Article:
Brooklyn Chamber of Commerce Celebrates Black History Month
As a part of the Brooklyn Chamber of Commerce’s longstanding tradition of celebrating Black History Month and honoring community leaders who have significantly contributed to the borough’s rich diversity and vibrancy, on Thursday night the borough’s leading business advocate recognized several prominent Black Brooklynites for the impact they’ve made in the community over the last year.
Included in the Brooklyn Chamber’s honors this year at the Weeksville Heritage Center in Central Brooklyn were New York State Sen. Roxanne Persaud; Freda Thomas, founder and principal of Freda Thomas Consulting; Keith Forest, principal of Urban ID Media; and cultural entrepreneur and founder of I AM CARIBBEING, Shelley V. Worrell.
New York State Sen. Roxanne Persaud, accepting the Public Service Leader Award, was recognized for her longtime support of economic development and small businesses, particularly Minority and Women-owned Business and Enterprises (M/WBEs), and for her strong community advocacy throughout Brooklyn.
An active member of the Brooklyn Chamber of Commerce’s M/WBE committee, Freda Thomas was awarded the Samuel Dunston Award for Business Excellence and celebrated for her high level of professionalism and service as a coach, mentor, teacher and all-around expert to many business owners in Brooklyn and throughout New York City.
Revered for his work crafting creative media campaigns that foster corporate responsibility initiatives for M/WBEs, local nonprofits and others in culturally diverse communities, Keith Forest was honored with the Small Business Leader Award.
Shelley V. Worrell was awarded the Community Leader Award, her work ensuring that the cultures of the Caribbean diaspora are represented within the mosaic that is Brooklyn and New York City.
Honorees were also given a Ghanaian kente stole by Jerry Kwabena Kansis, with each color holding unique symbolism, including harmony, union and renewal. The colorful kente cloth is a sign of pride and tradition from its African country of origin and represents a high form of accomplishment and celebration.
“Facing enormous challenges posed by the COVID-19 pandemic and unsteady economic recovery, these remarkable leaders stepped up and used their decades of experience in their field to raise the floor of opportunity for our perseverant small business community,” said Brooklyn Chamber of Commerce president and CEO Randy Peers.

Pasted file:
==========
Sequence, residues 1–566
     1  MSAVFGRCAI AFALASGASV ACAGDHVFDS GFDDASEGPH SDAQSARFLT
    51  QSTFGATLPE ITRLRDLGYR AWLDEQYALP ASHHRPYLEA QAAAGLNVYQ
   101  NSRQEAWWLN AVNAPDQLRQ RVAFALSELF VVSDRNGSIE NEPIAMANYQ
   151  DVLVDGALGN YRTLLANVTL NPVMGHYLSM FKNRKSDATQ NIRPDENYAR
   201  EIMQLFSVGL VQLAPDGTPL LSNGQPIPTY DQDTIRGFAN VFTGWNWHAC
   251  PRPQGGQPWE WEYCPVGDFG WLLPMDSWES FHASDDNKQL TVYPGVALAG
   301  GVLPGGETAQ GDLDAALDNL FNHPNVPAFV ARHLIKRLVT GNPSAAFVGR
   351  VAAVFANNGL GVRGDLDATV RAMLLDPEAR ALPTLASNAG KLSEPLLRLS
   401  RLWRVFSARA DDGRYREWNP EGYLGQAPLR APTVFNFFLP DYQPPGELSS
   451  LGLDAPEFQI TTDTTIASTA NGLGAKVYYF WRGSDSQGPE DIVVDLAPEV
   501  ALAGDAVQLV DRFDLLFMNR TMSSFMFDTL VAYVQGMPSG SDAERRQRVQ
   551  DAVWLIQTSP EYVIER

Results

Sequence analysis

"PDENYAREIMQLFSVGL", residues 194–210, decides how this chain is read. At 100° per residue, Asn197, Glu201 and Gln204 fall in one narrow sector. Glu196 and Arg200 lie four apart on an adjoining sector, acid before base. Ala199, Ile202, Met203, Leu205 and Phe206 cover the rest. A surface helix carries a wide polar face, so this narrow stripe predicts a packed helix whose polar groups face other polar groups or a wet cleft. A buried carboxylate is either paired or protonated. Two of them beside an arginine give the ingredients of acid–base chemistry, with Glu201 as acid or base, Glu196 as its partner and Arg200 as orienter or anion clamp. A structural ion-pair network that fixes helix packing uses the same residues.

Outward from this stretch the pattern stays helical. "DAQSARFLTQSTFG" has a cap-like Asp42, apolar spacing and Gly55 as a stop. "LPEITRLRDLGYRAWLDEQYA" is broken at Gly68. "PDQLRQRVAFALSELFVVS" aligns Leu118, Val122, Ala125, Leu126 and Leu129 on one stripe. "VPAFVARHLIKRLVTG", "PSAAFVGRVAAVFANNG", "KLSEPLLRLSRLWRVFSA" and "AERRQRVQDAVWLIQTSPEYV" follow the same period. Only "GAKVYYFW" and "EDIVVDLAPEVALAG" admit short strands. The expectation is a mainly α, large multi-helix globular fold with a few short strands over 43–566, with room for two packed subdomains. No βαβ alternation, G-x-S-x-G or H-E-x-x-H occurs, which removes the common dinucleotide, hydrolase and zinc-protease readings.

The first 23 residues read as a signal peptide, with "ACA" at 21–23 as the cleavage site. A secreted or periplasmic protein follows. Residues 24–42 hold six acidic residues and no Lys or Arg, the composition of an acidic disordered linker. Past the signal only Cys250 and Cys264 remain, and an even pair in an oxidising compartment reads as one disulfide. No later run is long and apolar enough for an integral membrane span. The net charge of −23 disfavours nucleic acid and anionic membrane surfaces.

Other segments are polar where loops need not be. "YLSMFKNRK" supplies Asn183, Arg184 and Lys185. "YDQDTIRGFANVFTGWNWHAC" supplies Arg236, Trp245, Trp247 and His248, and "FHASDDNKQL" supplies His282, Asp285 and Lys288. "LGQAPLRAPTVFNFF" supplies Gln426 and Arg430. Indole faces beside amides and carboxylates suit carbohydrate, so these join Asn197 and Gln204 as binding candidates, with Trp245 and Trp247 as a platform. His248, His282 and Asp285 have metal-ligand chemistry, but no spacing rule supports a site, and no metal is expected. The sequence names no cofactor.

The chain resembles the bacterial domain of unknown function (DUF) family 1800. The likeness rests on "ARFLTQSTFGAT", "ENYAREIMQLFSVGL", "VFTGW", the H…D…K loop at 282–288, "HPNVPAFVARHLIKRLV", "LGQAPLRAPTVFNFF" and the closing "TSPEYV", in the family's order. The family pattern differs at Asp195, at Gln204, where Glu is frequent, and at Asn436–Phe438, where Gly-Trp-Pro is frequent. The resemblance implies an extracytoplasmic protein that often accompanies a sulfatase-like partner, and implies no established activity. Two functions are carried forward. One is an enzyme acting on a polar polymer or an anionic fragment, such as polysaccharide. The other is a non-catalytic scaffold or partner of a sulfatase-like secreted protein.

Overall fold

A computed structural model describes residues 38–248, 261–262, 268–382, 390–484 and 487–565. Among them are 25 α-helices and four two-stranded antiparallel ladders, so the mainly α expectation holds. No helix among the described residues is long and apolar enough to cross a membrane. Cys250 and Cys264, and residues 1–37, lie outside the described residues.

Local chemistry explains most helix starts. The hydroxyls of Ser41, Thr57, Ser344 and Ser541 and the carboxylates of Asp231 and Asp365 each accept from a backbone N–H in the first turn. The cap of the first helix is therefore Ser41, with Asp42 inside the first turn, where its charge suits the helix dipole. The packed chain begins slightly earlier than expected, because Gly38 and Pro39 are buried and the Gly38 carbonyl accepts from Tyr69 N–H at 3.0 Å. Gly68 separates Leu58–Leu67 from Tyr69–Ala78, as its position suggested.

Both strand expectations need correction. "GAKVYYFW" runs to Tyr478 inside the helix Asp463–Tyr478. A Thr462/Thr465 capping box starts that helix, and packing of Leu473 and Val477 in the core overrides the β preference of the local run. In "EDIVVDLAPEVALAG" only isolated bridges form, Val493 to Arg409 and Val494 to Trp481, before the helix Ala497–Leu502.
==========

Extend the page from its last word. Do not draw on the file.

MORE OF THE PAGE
“They have demonstrated and continue to show us their resiliency and commitment to empower Brooklynites. It’s an honor to be able to recognize their hard work supporting small businesses and M/WBEs as a part of the Chamber’s Black History Month celebrations,” he added.
As part of the celebration and acknowledgement of outstanding achievements by M/WBEs across Brooklyn, the Brooklyn Chamber and Fiserv Inc., a leading global provider of payments and financial services technology solutions, presented a Back2Business grant to Brooklyn native Annita Taylor, president and CEO of Taylor Made Health, a prominent Black-owned healthcare and wellness consultancy.
The Back2Business program connects small businesses with critical resources, including complimentary mentorship, subject matter expertise and business coaching, technology solutions such as the Clover® point-of-sale platform from Fiserv, and community partners.
A closing highlight of the evening’s celebration was a recitation of the iconic poem “I, Too” by Langston Hughes by New York City teenage poet Sakura Bartholemy, a semi-finalist in the state’s February 26th Poetry Out Loud festival.
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